The Carolina mantis was designated as South Carolina’s state insect in 1988 by the General Assembly for the following reasons:
Whereas, the Carolina mantid, Stagmomantis carolina (Johannson), or praying
mantis, is widely recognized as a beneficial insect; and
Whereas, this easily recognizable insect ranges throughout this State; and
Whereas, the Carolina mantid symbolizes the importance of the natural
science of entomology and its special role in all forms of agriculture in
helping to control harmful insects; and
Whereas, the Carolina mantid provides a perfect specimen of living science for the school children of this State.
Eastern Tiger Swallowtail
Eastern Tiger Swallowtails (ETS) are distributed throughout the United States, but are most commonly found in states east of the Rocky Mountains. Adults feed on nectar from various flowers, while larvae feed on the leaves of various trees including tulip, sweet bay, and wild cherry.
Young caterpillars are mottled brown and white in coloration, like bird droppings, while older caterpillars are bright green with large eyespots in their thorax. When agitated, older caterpillars will evert their osmeterium (an orange, Y-shaped, organ normally concealed by the thorax) as a defense. Along with making ETS caterpillars look like little snakes (or Caterpie, the Pokemon), the osmeterium also secretes terpenes that can repel attackers (Eisner and Meinwald, 1965). Check out this great video to see an osmeterium in action!
Adult male ETS are yellow in color and have four black stripes going down each wing. They have small orange spots and a hint of blue at the inner base of their bottom wings.
Adult female ETS are dimorphic, so they can either be yellow or black. Yellow morphs are similar to males in that they have four black stripes. Yellow females also have a blue band that spans the base of the bottom wings.
Black morphs are solid black, except for the band of blue that spans the base of the bottom wings.
They are a Batesian mimic of the Pipevine Swallowtail (Battus philenor Linnaeus), meaning that they have the warning coloration of the Pipevine Swallowtail (bold blue against black) but are not toxic to predators like the latter.
The ETS was originally designated as the state butterfly of South Carolina in 1976. In 1994, the bill was amended to include the following reasons for its designation:
Whereas, the tiger swallowtail, a large, yellow, black-striped butterfly, is one of the most familiar butterflies in North America and is one of the most common and conspicuous butterflies in the Eastern United States; and
Whereas, documentation of this butterfly in South Carolina dates back to 1725 when it was painted with a native shrub by an English painter, Mark Catesby; and Whereas, the Garden Club of South Carolina has identified the tiger swallowtail as of particular interest to South Carolinians because it can be seen in deciduous woods,along streams, rivers, and wooded swamps, and in towns and cities throughout South Carolina.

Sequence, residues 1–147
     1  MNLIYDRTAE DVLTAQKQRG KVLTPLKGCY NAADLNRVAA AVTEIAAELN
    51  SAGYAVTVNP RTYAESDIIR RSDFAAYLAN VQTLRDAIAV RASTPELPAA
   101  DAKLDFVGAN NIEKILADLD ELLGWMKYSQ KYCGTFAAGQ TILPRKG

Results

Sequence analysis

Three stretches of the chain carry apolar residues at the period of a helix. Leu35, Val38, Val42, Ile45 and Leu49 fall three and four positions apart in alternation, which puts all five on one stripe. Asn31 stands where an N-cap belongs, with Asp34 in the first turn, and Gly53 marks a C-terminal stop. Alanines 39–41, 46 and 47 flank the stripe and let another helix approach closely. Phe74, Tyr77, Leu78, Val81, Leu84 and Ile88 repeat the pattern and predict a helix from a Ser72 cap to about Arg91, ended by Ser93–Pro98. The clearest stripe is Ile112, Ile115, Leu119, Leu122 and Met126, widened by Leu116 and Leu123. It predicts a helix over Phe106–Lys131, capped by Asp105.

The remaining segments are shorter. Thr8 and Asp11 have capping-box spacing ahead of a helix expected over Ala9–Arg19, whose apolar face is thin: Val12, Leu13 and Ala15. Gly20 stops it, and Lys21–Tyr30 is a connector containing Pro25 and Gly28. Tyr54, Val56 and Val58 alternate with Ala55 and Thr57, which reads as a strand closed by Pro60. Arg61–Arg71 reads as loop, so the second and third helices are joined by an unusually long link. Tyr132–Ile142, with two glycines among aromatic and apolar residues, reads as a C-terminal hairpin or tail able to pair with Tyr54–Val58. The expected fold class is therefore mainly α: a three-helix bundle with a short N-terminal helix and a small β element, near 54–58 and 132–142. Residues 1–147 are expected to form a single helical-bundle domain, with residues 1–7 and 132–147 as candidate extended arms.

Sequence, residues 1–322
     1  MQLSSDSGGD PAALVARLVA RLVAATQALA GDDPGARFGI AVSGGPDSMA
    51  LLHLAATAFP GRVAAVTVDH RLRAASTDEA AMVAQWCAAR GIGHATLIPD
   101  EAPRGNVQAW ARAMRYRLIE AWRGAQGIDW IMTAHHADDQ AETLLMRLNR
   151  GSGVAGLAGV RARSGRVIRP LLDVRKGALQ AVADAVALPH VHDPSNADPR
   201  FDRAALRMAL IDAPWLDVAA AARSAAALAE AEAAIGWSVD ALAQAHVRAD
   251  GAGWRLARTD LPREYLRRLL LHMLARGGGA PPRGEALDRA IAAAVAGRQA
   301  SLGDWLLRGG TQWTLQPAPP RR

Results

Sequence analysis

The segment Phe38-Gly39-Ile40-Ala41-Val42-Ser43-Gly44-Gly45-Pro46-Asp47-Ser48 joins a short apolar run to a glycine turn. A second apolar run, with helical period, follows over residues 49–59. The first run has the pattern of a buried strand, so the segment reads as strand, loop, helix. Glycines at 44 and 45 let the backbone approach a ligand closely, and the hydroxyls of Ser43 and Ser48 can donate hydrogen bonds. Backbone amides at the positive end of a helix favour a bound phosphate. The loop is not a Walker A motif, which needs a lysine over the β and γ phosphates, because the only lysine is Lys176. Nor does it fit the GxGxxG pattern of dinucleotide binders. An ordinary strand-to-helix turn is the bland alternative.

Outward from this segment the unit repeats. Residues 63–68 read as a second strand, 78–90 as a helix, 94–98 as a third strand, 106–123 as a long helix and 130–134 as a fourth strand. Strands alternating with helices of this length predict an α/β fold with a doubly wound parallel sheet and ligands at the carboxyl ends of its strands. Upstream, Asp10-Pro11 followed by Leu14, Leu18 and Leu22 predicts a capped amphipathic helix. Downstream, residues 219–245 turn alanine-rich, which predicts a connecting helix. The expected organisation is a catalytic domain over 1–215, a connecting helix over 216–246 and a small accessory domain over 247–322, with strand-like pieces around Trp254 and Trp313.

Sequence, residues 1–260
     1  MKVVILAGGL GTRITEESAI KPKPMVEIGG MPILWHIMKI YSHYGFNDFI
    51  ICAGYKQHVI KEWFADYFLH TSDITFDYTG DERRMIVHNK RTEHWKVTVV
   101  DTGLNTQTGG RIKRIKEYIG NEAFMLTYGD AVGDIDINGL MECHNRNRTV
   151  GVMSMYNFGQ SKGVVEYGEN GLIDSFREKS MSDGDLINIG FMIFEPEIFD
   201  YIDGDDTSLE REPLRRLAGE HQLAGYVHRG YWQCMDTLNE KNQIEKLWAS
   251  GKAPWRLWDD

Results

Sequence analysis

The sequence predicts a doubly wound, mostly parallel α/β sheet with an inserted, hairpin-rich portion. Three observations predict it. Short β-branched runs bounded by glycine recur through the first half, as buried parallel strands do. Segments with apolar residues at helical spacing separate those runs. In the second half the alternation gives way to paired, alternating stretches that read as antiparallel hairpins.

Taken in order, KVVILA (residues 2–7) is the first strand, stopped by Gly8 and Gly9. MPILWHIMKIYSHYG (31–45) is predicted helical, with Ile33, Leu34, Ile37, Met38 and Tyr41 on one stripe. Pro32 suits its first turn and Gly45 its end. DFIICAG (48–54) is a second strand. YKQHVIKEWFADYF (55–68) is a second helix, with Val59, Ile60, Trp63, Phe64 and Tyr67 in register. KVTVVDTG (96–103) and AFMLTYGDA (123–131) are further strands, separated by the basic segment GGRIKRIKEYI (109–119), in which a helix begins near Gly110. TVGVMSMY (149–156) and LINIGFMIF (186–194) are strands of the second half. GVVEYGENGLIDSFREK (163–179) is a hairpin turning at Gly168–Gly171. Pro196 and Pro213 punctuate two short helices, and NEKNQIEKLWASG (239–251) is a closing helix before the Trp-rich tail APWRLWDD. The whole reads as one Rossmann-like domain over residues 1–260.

Lastly, the Eastern Tiger Swallowtail is also the state butterfly of Delaware, Georgia, and North Carolina!
Next in this series: the state of Pennsylvania…the Pennsylvania firefly!
Did you know that the Frost has an Instagram account where museum curators post photos of the most recent happenings?
Our account (frostentomologicalmuseum) features unique specimen and little bits of history that we’ve come across while updating storage, imaging, and transcribing on the Taxonworks database.
In the true spirit of Instagram, we would like to showcase some of our favorite pictures from the past several weeks in a blog series called “Throwback Thursday.”
Hi y’all, my name is Autumn Busbee and I am the newest research assistant at the Frost!
Since I was a child, my dad and my mema (that’s Southern for grandmother) fueled my passion and respect for the natural world. My dad always stopped for injured animals on the side of the road, carefully moving them to safety or taking them home to care for them as they healed. My mema taught me to appreciate the beauty of plants, as well as how to grow them.
When I went off to college, I found it difficult to choose a major. After taking a plant physiology course, however, I knew without a doubt that I wanted to major in biology. Inspired by my family, I took courses that focused on ecology, plant science, and environmental science. I also founded a horticulture club! I graduated from the University of South Carolina Aiken in May of 2015 with a B.S. degree in Biology.
Since the fall of 2013, I performed research under the supervision of Dr. C. Nathan Hancock. My research was focused on evaluating the “jumping” abilities of the DNA transposon mPing in Arabidopsis thaliana and Mimulus lewisii. In the summer of 2014, I participated in a NSF-funded internship at the University of Nebraska Lincoln where I learned how to perform plant tissue culture and transformation under the supervision of Dr. Tom Clemente.
When it came time to apply for graduate school, I didn’t know what kind of program I wanted to apply to. I decided to wait, and instead search for a job that would utilize my degree while expanding my knowledge of the natural world. I am so thrilled to be at the Frost! Although I have never worked with insects, it has been very fulfilling so far. I look forward to sharing my experience here with all of you and making connections along the way!